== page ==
As Afghanistan is gripped by catastrophe – fight for the socialist alternative to British imperialism’s bloody legacy
Two decades of imperialist occupation and brutality have ended in humiliating defeat for western forces in Afghanistan. For the country’s people, a fresh nightmare is now beginning. The Taliban takeover comes after two decades of bloodshed and trauma. The estimated death toll for the invasion stands at more than 240,000 – with Afghans suffering the great majority of the fatalities. 456 UK military personnel lost their lives – with many of the families, along with the thousands who suffered live changing injuries, both physical and mental, asking ‘what was it for?’ For the tens of thousands now attempting to flee violence and persecution, terror and desperation abound. The doors of Europe and America are firmly shut to all but a tiny few. A refugee crisis on a similar scale to that of 2014, which itself included huge numbers of fleeing Afghans, looks set to develop.
This horror is the real legacy of the Afghanistan war. It tragically vindicates the position of all those who stood firmly against the invasion from the start, socialists included. Of the capitalist politicians, headed up by the likes of Tony Blair, who cheered on this sanguinary imperialist adventure, it is utterly damning.
The declining power of Britain
Britain is a decidedly second-rate imperialist power and its role in this military intervention was, in line with this, secondary. But perhaps partially because of this, the ruling class here feels the humiliation of this defeat especially acutely. The hubristic and ignorant rhetoric that filled the airwaves on both sides of the Atlantic in the run up to the war – that which claimed ‘democracy’ and ‘freedom’ would be brought to the people of Afghanistan at the point of a Nato gun – now finds a sickening new echo in the performative soul-searching of Britain’s capitalist politicians in the wake of this disaster. The parliamentary debate on the subject brought to the fore the weakness of Johnson’s government and his precarious hold over the Tory party. He faced harsh and angry criticism (much of it breathtakingly hypocritical) from all corners of the house and especially his back benches.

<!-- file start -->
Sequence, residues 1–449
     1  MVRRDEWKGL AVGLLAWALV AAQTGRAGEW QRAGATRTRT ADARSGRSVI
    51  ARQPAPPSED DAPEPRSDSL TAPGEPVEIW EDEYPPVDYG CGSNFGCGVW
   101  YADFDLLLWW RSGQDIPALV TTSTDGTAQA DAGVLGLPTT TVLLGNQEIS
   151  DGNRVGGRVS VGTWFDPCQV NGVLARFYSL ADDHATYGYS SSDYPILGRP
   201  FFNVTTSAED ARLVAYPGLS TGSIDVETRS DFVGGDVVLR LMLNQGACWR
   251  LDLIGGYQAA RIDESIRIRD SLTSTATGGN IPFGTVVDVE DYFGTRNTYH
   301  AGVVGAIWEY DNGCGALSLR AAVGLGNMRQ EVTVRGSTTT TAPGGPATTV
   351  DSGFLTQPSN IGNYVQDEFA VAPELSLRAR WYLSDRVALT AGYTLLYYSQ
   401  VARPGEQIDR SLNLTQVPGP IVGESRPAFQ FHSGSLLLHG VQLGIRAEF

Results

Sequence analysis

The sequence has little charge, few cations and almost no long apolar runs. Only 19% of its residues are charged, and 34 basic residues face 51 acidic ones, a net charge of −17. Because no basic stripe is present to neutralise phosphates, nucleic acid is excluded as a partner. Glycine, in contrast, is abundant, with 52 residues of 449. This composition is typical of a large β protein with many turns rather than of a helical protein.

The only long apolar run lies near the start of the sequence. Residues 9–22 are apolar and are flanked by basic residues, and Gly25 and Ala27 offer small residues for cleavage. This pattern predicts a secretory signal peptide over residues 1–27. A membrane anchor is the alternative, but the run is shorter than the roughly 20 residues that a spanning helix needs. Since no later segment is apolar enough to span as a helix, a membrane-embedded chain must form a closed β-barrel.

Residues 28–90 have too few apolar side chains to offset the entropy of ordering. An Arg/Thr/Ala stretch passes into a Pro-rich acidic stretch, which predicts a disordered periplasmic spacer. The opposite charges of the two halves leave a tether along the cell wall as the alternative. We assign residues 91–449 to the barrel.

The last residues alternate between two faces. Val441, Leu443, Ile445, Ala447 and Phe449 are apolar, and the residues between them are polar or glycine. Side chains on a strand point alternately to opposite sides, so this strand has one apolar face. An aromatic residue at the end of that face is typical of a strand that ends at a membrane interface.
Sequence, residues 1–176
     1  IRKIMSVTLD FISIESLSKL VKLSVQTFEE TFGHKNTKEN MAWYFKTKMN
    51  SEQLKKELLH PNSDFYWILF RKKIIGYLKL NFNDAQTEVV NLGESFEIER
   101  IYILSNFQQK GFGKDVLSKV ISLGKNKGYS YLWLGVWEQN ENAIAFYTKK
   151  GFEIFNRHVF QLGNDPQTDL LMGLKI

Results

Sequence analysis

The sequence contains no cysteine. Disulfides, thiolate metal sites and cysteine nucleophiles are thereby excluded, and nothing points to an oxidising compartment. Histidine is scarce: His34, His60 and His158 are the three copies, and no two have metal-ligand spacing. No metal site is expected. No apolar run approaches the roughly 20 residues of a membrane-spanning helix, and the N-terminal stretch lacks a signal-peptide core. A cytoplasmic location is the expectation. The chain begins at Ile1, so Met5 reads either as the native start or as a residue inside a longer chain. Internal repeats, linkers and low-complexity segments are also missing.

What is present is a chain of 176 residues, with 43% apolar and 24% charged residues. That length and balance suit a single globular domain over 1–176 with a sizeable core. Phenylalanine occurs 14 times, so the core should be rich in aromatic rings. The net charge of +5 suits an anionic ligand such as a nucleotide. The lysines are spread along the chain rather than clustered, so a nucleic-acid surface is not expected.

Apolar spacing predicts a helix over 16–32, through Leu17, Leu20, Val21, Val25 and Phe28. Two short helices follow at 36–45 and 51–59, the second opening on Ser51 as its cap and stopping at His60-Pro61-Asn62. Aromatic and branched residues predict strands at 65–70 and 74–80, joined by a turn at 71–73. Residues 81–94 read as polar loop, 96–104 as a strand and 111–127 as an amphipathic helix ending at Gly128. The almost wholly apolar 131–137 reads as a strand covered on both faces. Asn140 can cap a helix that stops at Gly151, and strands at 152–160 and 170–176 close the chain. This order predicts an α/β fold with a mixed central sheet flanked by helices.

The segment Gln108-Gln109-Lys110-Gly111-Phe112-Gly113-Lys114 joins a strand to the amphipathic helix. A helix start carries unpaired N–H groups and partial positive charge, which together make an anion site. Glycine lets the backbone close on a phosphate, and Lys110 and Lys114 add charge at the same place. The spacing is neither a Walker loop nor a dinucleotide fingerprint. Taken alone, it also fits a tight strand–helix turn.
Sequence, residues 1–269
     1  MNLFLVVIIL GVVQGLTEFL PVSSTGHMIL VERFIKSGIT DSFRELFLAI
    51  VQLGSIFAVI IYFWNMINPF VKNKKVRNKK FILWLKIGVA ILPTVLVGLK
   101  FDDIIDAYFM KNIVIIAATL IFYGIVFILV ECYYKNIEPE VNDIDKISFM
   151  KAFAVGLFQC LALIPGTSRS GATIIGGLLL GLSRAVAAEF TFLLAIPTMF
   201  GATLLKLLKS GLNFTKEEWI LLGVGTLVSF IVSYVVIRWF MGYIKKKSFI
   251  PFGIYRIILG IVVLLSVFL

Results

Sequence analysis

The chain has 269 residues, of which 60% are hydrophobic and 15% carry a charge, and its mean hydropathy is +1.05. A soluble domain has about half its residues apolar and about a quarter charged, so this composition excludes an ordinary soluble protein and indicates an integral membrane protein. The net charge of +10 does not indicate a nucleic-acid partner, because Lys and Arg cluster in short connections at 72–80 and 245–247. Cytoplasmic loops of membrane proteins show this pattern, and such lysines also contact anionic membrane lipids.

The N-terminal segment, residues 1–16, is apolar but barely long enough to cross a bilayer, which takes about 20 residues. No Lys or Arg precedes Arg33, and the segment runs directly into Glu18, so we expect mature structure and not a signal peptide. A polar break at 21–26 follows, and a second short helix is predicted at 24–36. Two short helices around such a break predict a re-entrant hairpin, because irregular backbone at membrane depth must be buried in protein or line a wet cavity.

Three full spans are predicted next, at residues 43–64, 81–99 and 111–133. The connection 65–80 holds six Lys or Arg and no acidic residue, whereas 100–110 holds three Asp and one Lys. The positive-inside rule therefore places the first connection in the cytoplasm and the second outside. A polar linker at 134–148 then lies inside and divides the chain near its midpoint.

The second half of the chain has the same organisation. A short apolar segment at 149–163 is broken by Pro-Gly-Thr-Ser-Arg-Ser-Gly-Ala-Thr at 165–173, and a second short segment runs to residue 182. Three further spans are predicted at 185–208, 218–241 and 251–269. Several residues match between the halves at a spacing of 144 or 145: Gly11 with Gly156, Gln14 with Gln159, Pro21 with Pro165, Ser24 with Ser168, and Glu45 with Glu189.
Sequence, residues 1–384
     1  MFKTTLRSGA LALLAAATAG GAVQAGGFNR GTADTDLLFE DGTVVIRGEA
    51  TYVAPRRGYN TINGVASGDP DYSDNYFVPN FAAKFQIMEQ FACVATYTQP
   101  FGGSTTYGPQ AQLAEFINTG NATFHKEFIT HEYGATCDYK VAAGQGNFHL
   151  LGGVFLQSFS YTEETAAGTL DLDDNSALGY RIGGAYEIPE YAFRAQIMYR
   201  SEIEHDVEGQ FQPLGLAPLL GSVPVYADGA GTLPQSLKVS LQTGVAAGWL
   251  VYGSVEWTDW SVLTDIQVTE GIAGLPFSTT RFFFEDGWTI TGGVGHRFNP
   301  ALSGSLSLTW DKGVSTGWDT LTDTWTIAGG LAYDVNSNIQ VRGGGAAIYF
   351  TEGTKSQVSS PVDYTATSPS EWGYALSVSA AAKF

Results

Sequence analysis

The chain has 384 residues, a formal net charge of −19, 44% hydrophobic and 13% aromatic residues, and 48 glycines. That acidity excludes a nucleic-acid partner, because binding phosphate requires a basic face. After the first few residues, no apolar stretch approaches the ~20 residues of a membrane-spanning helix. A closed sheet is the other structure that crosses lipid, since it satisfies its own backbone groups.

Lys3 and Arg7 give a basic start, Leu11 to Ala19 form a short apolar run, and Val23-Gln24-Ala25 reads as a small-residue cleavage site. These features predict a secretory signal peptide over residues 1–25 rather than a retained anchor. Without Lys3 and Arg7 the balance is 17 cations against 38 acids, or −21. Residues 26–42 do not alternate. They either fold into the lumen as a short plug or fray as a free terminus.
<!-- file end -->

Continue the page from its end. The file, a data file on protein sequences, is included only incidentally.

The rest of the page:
Yet Britain’s entry into the war in the first place was an illustration of the total subordination of British foreign policy to the whims of the White House. Despite the nostalgic imperialist fantasies of some right-wing MPs, any notion that Britain could play a genuinely independent role in the Middle East, let alone remain in Afghanistan after US forces have left, as some now demand in parliament, is utter nonsense. It is even more laughable when you consider that most UK troops actually left Afghanistan years ago, back in 2014.
Corrupt Afghan government
The fact that the so-called intelligence upon which Boris Johnson based his claim to MPs that there would be “no path” to military victory for the Taliban was so disastrously wrong is itself evidence of the complete lack of support that existed in Afghanistan for the occupation and the corrupt Afghan government associated with it. This left both American and British forces utterly blind to the realities right in front of them. Just 20% of people participated in the elections which brought the now deposed Afghan president Ghani to power – far from a resounding democratic mandate. As he and a small elite enriched themselves, the immense firepower of the US helped his civilian government to defy gravity. As soon as it became clear that this military might would eventually be withdrawn, the writing was on the wall.
While the Taliban has a certain base, which will have grown rather than shrunk due to its status as the biggest and best organised force opposing the occupiers, it too is hated by the majority of Afghans. Its rule, just as it was prior to the invasion, will be murderous and reactionary. Desperate poverty, conflict, and misery will continue to be the bitter reality in a country in which the average monthly income is just $42.
Labour offer no alternative